"Start fasting when you see the crescent for the month of Ramadan and end it when you see the next crescent. If because of clouds you cannot see any of the crescents, complete 30 days for that month (Sha'ban or Ramadan, as the case may be). Everyone does not have to personally see the crescents. The fasting may be started or ended on the testimony of any number of reliable witnesses who have seen the crescent.

There are also other traditions bearing on the question but their authenticity or authoritativeness is not universally accepted by Muslims or they are understood differently by different sections of the Ummah.

The guidance outlined above on the basis of the Holy Qur'an and Hadith was quite sufficient in the days of the Prophet, since in those days almost all Muslims lived in Arabia where the sky was almost always clear. Crescent, if it appeared in one place in the land, was also visible in other places. The character of the Muslims was generally very high, so that no one will untruthfully say for personal or political reasons that he had seen the crescent without having actually seen it. Everything went smoothly as far as the start or end of the holy months was concerned.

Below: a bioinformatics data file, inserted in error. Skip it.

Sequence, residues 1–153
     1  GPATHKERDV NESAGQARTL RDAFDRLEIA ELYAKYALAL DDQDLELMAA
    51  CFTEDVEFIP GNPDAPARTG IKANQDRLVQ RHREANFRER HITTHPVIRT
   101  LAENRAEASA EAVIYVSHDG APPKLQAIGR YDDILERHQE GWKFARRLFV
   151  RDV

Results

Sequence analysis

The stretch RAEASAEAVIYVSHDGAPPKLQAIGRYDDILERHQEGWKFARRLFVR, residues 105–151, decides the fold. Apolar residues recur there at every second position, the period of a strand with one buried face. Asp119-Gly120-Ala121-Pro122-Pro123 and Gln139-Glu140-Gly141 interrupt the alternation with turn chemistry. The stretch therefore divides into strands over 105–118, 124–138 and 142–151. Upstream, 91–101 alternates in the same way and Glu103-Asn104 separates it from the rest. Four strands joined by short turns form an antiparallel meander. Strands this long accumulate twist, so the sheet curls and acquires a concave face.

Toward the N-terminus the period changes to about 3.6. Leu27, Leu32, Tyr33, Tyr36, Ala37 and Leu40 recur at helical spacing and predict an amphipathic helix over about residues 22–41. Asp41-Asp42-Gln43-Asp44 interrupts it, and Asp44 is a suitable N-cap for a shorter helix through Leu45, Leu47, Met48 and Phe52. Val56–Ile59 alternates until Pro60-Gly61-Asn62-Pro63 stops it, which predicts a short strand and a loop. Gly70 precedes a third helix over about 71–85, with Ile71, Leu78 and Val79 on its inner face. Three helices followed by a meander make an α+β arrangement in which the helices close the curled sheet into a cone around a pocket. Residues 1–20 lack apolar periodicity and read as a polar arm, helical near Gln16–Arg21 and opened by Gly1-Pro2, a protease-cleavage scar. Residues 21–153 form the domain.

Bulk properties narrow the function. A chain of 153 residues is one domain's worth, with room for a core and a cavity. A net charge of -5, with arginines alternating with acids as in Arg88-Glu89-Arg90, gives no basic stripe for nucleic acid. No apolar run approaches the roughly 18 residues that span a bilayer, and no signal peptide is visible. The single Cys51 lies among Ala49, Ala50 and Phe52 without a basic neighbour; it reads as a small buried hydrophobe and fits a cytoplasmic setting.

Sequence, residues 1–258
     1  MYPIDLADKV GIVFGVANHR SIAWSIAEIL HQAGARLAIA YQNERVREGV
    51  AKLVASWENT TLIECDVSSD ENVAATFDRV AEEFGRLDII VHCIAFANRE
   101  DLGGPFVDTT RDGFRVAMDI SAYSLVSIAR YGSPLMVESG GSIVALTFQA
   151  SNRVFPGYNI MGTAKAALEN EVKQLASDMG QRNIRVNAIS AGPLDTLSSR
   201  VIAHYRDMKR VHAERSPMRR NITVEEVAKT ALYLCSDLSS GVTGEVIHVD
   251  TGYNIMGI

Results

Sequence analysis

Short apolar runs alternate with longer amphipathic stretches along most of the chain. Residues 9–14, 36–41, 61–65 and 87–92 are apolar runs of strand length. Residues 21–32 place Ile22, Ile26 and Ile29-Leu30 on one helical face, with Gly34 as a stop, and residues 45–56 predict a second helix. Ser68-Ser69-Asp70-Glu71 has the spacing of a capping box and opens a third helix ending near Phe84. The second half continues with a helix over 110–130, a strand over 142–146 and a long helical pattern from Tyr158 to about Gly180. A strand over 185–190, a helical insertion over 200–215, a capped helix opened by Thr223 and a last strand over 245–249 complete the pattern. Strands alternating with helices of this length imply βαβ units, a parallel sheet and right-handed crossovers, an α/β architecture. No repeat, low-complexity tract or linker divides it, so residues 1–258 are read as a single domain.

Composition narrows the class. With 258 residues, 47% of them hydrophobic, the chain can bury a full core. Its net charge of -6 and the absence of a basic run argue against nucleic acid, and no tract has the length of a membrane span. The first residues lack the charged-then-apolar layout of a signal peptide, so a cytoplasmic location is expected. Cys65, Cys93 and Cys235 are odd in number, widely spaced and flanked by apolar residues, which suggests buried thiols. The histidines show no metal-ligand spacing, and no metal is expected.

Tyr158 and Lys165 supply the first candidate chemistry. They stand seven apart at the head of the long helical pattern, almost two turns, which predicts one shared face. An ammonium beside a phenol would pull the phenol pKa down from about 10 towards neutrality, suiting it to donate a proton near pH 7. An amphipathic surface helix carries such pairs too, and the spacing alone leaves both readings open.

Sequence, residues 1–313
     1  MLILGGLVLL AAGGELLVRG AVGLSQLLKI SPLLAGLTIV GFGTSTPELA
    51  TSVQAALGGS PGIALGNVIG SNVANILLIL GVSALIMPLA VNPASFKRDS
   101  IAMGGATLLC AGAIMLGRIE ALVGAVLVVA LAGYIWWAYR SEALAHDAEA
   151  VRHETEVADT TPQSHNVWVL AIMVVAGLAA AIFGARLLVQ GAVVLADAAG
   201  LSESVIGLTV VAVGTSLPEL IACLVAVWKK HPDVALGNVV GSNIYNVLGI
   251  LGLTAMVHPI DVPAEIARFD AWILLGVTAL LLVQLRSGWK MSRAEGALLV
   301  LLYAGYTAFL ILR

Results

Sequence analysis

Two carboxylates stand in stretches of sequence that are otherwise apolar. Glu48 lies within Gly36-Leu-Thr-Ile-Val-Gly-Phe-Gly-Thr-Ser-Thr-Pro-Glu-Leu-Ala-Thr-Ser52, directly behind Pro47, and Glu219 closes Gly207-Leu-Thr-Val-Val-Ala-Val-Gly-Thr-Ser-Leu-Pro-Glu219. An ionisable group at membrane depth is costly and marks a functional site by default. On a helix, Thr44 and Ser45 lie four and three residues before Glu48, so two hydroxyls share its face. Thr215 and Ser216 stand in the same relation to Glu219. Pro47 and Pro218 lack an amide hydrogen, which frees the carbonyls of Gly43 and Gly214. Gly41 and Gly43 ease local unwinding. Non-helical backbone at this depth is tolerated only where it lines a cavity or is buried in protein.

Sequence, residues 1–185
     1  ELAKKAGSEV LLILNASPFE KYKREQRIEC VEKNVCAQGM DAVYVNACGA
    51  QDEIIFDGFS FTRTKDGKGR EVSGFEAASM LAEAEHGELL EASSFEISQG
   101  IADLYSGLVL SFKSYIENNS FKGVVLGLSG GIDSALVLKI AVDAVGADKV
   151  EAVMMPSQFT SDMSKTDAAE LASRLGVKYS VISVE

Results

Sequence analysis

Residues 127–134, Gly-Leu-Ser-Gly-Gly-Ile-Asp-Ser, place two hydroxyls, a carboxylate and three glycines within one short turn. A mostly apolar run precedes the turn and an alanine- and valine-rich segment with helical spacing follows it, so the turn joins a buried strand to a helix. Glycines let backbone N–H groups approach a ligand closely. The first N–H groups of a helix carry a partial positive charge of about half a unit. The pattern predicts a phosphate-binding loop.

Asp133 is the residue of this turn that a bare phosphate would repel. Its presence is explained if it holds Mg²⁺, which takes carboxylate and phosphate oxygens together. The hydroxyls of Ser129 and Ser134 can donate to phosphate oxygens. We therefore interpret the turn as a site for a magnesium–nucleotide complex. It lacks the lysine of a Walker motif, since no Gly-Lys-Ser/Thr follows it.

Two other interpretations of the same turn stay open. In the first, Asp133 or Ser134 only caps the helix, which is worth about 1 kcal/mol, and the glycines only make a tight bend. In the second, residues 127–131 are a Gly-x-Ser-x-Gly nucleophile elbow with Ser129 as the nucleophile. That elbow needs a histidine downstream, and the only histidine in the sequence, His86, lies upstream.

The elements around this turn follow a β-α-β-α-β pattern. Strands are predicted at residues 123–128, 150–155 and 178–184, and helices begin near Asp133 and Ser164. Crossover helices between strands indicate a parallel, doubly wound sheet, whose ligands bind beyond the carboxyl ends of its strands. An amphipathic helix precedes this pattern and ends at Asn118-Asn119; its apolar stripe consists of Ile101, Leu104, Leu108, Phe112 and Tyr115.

However, when the Muslim world expanded over vast areas of the globe and more recently with the development of science, a development that in large measure started under the influence of Islam and Muslims, some new questions about lunar months arose. For example: How far from one's place must the crescent be visible before we can start or end fasting? Can we start or end the fast in Morocco, for example, if the crescent has been sighted in China? Can we see the crescent with the help of some visual aid such as a telescope or must we use the naked eye? Is "seeing" significant in itself or is its purpose to provide a sure standard for starting or ending a month? If "seeing" is merely a way of defining a lunar month, then can we use some other predictable way based on mathematical calculations?